How ‘media literacy’ became the new ‘fake news’: A meaningless corporate buzzword | Techy Kings


Tessa Jolls, president of the Center for Media Literacy, published a report last month titled “Building Resiliency: Media Literacy as a Strategic Defense Strategy for the Transatlantic.” It reads like a blueprint to indoctrinate students in corporatism and militarism under the guise of media literacy education. Jolls received a Fulbright-NATO Security Studies Award to study “aspects of the current information ecosystem and the state of media literacy in NATO countries.”

Let’s offer some historical context: NATO during the Cold War and has long since outlived its original stated purpose of combating the spread of communism. Political sociologist Peter Phillips, for example, has argued that NATO has turned into a global army that engages in dubious conflicts and human rights abuses in an effort to serve the “transnational capitalist class”.

As with the crisis created by the manipulated term “fake news,” media literacy is being weaponized by organizations and individuals seeking to increase their power by influencing the public’s perception of reality. For example, Steve Bannon, former White House chief strategist for Donald Trump, has a long history of spreading false information. From 2012 to 2018, he was the executive chairman of the site Breitbart News, which has manipulated videos, fabricated stories and spread baseless conspiracy theories. Beginning with Bannon’s tenure, Breitbart published articles extolling “media literacy” as a way to combat “fake news,” and proclaimed that the site’s late founder, Andrew Breitbart, integrated media literacy into the platform. But what Breitbart means by the term—especially given the site’s track record—seems to run counter to traditional definitions of media literacy.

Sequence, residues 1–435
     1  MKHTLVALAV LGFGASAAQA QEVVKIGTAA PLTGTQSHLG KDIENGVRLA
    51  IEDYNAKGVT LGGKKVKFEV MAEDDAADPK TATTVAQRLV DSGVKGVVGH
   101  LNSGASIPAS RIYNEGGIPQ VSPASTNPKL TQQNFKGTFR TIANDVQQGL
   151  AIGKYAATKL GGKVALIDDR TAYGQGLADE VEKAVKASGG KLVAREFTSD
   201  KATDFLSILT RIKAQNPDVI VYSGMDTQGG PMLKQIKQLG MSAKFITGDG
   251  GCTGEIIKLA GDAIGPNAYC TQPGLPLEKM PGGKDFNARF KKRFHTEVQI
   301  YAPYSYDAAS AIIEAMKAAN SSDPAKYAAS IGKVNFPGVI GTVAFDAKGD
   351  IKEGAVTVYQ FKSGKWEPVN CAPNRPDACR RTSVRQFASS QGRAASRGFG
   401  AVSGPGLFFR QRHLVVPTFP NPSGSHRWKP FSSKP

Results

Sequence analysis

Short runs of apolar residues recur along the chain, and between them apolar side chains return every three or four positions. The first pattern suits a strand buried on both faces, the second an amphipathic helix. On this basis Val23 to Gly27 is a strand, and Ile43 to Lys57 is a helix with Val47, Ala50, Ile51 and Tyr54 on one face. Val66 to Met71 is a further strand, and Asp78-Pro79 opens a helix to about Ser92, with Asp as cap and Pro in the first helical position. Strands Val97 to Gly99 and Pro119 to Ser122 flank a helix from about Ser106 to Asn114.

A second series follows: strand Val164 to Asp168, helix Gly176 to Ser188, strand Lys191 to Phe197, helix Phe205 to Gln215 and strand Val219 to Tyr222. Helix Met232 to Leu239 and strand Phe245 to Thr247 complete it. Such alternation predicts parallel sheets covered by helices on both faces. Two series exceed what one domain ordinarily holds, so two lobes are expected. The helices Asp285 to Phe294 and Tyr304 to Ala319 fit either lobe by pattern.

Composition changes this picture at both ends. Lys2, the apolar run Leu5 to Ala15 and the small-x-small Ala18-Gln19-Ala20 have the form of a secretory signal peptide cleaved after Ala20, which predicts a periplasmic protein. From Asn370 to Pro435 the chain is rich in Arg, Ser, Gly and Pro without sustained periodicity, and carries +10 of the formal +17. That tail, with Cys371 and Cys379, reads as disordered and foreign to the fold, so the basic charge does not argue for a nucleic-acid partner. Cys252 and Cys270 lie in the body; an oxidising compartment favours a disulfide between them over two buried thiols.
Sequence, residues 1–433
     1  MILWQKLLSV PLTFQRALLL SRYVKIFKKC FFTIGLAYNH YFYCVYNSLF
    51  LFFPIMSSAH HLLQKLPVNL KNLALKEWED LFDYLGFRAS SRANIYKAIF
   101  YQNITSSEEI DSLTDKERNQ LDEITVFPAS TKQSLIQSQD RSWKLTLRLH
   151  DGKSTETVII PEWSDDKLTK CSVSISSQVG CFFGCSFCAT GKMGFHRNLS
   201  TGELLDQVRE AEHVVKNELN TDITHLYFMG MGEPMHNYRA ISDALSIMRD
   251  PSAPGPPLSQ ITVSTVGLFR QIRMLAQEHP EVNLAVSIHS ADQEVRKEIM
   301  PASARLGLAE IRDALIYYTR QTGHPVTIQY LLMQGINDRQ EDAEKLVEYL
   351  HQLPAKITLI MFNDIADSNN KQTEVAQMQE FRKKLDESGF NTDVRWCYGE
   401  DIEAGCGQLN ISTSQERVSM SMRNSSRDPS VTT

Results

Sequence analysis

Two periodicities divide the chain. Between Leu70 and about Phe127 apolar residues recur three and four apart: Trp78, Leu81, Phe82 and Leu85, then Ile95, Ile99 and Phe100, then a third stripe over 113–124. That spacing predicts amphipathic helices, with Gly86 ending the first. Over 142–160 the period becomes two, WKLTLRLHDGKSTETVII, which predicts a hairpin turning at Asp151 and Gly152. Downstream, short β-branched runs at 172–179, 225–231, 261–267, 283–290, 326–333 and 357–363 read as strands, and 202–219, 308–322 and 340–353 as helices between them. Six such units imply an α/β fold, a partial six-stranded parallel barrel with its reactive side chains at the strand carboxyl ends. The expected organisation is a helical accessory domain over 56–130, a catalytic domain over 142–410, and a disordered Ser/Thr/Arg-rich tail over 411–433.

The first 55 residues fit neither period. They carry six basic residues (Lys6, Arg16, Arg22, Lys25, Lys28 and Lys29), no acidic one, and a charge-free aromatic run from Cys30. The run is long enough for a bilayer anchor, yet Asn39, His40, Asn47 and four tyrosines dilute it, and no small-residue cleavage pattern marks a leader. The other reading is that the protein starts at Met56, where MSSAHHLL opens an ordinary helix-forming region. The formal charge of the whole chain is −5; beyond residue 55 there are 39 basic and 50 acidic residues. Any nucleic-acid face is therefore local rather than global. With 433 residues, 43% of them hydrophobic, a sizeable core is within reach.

The standard definition of media literacy used in American education is “the ability to access, analyze, evaluate, create, and act using all forms of communication.” In response to the post-2016 panic over fake news, there was a demand for more media literacy in schools. This provided a window of opportunity for major media companies—which had long sought to enter the classroom to market their products and collect student data—to quickly move toward indoctrinating students with corporate propaganda under the umbrella of “media literacy.”

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Joll’s report only serves to bolster such efforts, arguing that corporate “allocations for media literacy training are few and far between.” It also appeals directly to the military-industrial complex—meaning the alliance between the military and related defense and national security industries—by calling for “funding and programming from all corners: government, foundations, and the private sector (tech and media companies, other businesses). ” Most Big Tech companies came out of the military industrial complex and continue to serve their interest in many ways.